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AndyJ
Oracle
Oracle


Joined: 29 Jan 2010
Posts: 1665

PostPosted: Fri Mar 22, 2013 5:47 pm    Post subject: Reply with quote

Typo,
The fact that the work on the CD or DVD is identifiable is perhaps important to what KJR proposes, in that it is not just any old blank CD, but one which purports to be an album of music by a particular artist. But that does not change the situation from the point of view of the artist and/or rights owner of the sound recording.
Let's look at the moral rights of the artist(s) who perform on the album. They have a moral right for their work not to be subject "to any distortion, mutilation or other modification of, or other derogatory action in relation to, the said work, which would be prejudicial to [their] honour or reputation." (Berne Convention Art 6 bis which is the source for section 80 in the CDPA). I remain to be convinced about how melting a CD or DVD so that it can no longer be played actually distorts, mutilates or modifies the actual songs being sung. What that melting treatment does is to make the songs both unplayable and unrecognisable. I think you would recognise that as a consequence of the doctrine of exhaustion of rights, a legitimate owner of a copy of a work, be it a book, CD or photograph, has the right to destroy his copy, along with several other means of disposal. What KJR proposes is simply an exercise of that right.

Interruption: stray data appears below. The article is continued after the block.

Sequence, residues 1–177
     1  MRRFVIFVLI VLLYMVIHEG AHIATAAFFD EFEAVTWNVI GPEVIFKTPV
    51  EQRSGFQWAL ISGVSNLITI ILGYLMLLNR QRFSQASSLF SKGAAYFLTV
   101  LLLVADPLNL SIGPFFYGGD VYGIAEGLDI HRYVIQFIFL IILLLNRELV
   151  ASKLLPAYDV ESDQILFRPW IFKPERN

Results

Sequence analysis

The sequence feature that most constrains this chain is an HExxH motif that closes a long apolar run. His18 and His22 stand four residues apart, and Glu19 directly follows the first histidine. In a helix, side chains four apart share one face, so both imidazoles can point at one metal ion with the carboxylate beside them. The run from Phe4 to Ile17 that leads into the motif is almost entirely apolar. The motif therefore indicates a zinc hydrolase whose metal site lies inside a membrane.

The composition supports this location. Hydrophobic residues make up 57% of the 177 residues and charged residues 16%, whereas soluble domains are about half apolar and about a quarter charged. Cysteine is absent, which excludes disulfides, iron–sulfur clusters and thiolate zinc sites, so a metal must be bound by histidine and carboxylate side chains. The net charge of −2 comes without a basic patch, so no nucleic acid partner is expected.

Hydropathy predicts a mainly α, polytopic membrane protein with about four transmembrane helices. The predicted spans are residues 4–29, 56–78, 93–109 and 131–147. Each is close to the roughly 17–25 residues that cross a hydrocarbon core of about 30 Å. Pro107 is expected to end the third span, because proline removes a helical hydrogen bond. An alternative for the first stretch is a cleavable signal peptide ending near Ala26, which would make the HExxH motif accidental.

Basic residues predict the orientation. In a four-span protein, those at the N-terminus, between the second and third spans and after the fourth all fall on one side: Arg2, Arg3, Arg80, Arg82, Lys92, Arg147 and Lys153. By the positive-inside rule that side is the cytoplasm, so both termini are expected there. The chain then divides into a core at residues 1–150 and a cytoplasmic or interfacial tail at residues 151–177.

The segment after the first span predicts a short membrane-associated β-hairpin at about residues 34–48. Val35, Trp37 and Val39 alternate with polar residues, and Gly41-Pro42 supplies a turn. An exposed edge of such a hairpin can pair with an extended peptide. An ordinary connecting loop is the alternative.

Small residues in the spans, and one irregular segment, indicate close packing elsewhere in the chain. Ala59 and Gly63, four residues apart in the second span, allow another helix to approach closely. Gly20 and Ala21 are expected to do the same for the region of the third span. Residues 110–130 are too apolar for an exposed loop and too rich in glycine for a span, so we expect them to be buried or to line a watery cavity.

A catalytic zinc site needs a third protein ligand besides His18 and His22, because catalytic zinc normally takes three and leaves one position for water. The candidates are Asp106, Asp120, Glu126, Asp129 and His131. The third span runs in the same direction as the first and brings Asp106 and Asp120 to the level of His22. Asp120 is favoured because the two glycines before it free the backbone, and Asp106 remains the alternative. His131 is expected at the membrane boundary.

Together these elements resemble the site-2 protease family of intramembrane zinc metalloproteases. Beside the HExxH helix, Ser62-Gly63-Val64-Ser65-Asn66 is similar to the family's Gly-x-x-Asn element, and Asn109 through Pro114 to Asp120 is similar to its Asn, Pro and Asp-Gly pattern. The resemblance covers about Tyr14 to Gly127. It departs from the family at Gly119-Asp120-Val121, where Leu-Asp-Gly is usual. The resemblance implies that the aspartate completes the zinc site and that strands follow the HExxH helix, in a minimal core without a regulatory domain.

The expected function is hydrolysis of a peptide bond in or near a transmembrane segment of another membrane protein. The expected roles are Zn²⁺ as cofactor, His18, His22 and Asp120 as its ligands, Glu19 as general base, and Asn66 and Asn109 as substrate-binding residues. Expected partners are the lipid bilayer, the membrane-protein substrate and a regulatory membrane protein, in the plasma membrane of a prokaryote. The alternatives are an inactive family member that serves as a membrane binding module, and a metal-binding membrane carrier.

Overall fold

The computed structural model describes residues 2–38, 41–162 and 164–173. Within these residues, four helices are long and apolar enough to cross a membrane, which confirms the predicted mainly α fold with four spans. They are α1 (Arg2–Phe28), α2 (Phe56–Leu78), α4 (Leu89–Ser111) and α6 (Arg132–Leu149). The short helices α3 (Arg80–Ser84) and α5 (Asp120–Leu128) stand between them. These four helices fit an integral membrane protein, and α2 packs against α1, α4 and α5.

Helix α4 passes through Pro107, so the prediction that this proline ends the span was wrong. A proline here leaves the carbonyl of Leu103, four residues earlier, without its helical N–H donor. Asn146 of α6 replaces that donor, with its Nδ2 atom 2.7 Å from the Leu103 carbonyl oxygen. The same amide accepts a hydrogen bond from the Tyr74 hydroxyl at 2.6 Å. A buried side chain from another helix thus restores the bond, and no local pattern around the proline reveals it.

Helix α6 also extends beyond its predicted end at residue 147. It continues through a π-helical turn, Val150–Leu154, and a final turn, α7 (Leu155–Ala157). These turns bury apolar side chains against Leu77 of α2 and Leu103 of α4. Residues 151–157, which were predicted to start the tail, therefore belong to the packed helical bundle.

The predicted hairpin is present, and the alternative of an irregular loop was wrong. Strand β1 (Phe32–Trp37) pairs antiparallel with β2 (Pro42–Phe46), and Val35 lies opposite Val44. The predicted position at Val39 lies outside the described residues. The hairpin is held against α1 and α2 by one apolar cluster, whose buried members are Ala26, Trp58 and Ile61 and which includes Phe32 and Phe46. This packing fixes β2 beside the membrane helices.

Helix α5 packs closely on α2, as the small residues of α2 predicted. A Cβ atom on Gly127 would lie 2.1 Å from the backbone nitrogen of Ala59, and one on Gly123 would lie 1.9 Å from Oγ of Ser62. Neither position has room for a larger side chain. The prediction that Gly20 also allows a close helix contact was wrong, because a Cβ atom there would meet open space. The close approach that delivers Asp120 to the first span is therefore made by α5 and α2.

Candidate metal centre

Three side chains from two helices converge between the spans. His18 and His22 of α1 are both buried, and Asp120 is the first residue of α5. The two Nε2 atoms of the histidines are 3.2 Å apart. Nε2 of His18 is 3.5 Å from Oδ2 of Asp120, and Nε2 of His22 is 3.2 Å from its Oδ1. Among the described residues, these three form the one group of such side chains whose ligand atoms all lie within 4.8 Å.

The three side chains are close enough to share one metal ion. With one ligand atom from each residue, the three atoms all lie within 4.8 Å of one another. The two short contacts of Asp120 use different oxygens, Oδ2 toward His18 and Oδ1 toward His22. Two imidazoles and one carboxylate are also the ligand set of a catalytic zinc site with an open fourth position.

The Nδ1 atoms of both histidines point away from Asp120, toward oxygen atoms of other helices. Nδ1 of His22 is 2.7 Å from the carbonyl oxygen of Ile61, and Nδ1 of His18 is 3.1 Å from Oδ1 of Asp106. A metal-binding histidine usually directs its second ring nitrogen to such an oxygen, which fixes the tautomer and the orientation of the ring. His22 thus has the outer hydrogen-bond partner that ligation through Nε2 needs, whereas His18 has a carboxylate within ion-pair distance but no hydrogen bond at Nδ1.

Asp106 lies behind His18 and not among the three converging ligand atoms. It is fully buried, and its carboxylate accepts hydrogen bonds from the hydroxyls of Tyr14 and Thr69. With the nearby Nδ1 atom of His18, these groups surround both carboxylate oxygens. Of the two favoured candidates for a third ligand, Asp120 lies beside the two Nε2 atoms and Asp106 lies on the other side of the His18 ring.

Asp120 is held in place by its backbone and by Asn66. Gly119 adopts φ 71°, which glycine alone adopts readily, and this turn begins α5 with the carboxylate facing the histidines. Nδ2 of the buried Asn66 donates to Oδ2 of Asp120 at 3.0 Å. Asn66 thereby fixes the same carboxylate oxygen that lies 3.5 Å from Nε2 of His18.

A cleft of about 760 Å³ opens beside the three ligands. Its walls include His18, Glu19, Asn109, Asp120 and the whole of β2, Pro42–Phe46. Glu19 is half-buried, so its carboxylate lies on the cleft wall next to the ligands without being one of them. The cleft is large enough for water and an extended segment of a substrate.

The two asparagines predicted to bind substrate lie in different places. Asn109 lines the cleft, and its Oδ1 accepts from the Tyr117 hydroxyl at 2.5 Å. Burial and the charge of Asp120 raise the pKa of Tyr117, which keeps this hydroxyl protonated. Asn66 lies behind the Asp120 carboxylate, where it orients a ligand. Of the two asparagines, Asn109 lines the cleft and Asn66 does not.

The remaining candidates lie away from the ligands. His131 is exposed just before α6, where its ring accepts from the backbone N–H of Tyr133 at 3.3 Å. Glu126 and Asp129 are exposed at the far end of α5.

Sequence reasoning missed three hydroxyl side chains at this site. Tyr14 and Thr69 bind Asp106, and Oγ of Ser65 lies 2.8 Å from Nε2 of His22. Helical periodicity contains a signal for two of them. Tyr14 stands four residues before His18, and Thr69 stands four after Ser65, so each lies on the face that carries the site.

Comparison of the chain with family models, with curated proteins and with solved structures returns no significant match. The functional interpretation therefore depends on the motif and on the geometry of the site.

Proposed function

As far as the copyright in the sound recording is concerned, the CDPA does not advance any moral rights to the producer, so there is no cause of action there.
There is very little caselaw on the subject of derogatory treatment, but what exists*, along with recognised authorities such as Laddie, Prescott & Vittoria or Copinger & Skone James, takes a very narrow view of this moral right, and make it clear that there must be damage to the honour or reputation of the author arising from the mutilation etc. Clearly it would be extremely hard to build any case on the proposition that melting a DVD impugned the honour of the artist whose songs were on the disk.

* the best example is Confetti Records v Warner Music UK Ltd [2003] EWCh 1274 (Ch) see paras 145 -162.
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